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Alternative Tactics to Traditional Lake Trout Methods:

Lake Kipawa Lake Trout Behavior:

Lake Kipawa is a deep clear-water lake and a perfect environment for Lake Trout. Lake Trout are common but not many people bother fishing for them because they have been unsuccessful in the past using the traditional methods. Lake Trout will be around 50 feet deep during the summer, which is just above the thermocline. They hit best from day-break until 10:00 am and in the evening after dinner. They do feed during the afternoon but during the day they seem to turn on and off constantly so you can troll for 3 hours and not catch anything and then hit a couple within minutes and then they stop again. Lake Trout hit best on bright sunny days with high pressure. A low pressure system going through the area can make them stop feeding for a day or two. Lake Trout tend to hit smaller lures that are silver-&-blue, silver-&-green and in Lake Kipawa they seem to like hot pink with a silver back. Do not put fish scent on your lures. Fish scent does not work in the north and will actually repel fish.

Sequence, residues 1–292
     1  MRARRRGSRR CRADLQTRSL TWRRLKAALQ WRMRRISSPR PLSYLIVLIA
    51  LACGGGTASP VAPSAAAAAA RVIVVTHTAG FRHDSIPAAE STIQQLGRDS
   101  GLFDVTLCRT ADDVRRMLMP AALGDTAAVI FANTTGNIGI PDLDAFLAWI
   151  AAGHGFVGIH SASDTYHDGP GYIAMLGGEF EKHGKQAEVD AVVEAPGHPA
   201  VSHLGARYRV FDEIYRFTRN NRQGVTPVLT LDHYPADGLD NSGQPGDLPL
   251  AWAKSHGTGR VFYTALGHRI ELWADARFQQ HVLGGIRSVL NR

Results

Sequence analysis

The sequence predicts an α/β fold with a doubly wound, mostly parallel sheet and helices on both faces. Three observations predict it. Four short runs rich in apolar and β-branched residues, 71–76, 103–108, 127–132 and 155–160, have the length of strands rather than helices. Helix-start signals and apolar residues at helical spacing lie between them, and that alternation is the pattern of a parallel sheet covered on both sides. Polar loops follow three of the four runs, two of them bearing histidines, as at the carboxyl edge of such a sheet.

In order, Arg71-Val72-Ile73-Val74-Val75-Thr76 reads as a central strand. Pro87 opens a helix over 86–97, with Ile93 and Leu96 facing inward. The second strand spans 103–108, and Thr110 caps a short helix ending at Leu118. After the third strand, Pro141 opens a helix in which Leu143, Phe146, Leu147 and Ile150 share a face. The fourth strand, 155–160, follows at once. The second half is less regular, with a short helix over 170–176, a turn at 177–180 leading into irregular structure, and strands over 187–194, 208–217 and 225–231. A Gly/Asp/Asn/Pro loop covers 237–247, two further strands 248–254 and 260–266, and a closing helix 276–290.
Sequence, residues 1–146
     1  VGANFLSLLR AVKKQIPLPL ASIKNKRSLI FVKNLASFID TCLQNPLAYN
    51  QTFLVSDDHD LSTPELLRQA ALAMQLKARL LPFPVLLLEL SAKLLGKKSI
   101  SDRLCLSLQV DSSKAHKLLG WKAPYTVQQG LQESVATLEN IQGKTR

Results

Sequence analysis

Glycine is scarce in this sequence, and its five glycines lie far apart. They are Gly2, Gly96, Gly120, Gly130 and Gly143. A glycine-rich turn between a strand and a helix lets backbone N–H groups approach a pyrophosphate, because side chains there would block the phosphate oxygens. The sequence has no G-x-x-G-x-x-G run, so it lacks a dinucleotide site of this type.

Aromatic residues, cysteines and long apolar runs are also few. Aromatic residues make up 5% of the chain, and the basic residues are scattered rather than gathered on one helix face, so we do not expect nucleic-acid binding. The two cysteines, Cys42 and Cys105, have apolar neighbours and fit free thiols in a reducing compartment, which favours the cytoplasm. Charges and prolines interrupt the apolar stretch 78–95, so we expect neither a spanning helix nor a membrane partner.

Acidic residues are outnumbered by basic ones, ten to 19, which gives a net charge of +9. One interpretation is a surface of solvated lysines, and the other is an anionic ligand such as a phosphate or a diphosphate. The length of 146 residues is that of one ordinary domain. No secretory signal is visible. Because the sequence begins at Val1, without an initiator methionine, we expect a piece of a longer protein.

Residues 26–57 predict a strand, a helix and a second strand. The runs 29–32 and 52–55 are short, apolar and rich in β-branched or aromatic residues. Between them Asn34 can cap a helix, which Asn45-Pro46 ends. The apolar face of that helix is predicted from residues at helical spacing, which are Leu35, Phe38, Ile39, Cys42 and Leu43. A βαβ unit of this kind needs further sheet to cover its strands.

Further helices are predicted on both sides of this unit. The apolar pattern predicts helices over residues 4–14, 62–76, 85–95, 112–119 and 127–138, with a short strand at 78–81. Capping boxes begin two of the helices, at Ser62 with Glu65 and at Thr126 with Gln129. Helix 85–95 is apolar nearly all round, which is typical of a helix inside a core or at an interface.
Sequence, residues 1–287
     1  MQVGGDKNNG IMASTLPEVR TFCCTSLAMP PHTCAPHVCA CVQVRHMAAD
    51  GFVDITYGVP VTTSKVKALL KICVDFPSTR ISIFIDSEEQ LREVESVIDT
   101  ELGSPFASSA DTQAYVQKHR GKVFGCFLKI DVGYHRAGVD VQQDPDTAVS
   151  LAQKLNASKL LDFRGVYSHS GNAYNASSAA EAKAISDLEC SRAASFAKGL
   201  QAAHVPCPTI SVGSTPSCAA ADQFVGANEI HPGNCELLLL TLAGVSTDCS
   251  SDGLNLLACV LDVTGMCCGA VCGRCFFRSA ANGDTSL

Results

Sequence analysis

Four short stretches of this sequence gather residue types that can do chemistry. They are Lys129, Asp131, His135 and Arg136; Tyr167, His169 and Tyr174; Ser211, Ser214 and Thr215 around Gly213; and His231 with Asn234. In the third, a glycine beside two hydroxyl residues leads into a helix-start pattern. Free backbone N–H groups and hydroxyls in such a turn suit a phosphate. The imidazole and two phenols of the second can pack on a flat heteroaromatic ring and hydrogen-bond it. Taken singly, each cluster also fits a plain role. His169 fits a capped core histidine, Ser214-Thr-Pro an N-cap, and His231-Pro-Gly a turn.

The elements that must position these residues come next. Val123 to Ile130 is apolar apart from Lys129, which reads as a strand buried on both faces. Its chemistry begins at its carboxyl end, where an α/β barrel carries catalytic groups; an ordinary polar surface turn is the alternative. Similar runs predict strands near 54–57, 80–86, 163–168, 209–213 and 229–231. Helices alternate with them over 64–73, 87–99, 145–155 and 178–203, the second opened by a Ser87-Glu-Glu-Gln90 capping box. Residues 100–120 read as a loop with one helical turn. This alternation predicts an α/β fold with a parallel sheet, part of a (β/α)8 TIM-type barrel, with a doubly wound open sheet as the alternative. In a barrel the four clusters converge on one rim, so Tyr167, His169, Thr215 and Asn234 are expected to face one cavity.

Shallow Lake Trout Fishing after Ice-Out and Early Spring:

Just after ice-out and the first few weeks after, Lake Trout will stay shallow. Many times they will be very close to shore and casting off shore with Cleos and Mepps Cyclops' is very effective. You can also cast off a boat.